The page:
But I’m guessing that this is the problem, somehow the non-Plug functionality of Guardian and the Plug stuff don’t work together. I don’t suppose anyone knows off-hand how these pieces of Guardian should work together, i.e. should I somehow be doing a Guardian.Plug.sign_in for the user once their link is verified? I am a little worried that the token from the email verification process is still floating around out there and might muck up the works.

I’m not familiar with Guardian so excuse me if I’m wrong.

Since you’re using token authentication, the token should be maintained by the client side code (e.g. javascript on the browser side). The client should carry the token on every request whenever the token is available.

However, redirect is a two-step action:

  1. the browser receives a response with status code 302 and a Location header, which contains a URL.
  2. the browser sends another GET request immediately to the URL in Location header.

Unfortunately, you can’t control the second step. You can’t add headers to it, you can’t specify the HTTP method, you can’t add cookie to it, and you can’t attach token to it. I think this is the reason why you lose the current_user after redirect.

If you are building a single-page application, try not to use redirect. Let Javascript handle page switching.

1 Like

Thanks, that was part of the problem. I was also right that I needed to use Guardian to sign in after verifying the emailed token-link. I should probably put together a little article detailing the process of setting up passwordless authentication using the Guardian library since everything I’ve seen so far uses Phoenix.Token, which doesn’t have a very thorough set of functions.

Guardian is useful if you need JWT. If you are just using it as a token you really should be using Phoenix.Token. And the reason Phoenix does not include little pipeline helpers for it is that they are so simple to write that most just write them straight in their router to call in their pipeline.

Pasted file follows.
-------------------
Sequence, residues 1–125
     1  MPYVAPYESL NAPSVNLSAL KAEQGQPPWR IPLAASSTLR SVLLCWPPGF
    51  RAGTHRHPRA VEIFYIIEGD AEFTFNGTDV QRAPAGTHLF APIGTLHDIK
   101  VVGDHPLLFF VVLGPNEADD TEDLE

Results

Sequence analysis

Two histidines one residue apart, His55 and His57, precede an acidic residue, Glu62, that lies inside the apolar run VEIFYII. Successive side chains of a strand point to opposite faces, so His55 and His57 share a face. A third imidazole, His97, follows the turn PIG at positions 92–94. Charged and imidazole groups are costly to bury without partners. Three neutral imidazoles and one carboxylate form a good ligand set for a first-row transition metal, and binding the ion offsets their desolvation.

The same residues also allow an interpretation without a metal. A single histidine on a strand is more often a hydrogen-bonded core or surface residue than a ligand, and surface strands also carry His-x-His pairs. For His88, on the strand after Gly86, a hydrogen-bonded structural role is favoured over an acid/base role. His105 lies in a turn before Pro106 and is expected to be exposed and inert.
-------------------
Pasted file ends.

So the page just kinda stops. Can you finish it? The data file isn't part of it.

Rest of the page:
If however you want a set of pre-made ones I know there are a couple up on hex.pm. :slight_smile:

Thanks! I’m super new to this so I only barely know what I’m doing, just sort of having fun learning. Is there somewhere to learn how to do that? I also have an API that is in Guardian, which is why I used it here too, maybe I should drop it altogether?

Ehh, depends. If it is already in production, no, no point breaking existing things. If it is not but you are using some of the JWT specific features or plan to, then keep guardian, and use it everywhere to keep things ‘uniform’. If you just need a token everywhere with no special JWT stuff then use phoenix tokens everywhere. :slight_smile:

Lots of docs all over google (this is not really phoenix specific) but I do not have any ready on hand. ^.^;

Lol yea it’ll be a while before I’m worrying about production. This is the first time I’m learning how to make apps in any language, I just chose Elixir/Phoenix because it sounded fun (and I have a math background, there is something that feels math here…). I’ve noticed that if you don’t already have a background in Rails or Node, etc, that learning materials can be a little tough to come by. But it’s all good, fun all the same.

I came from the erlang world instead of the rails/node world, the concepts clicked, but wow it has a weird structure to me, it still does. ^.^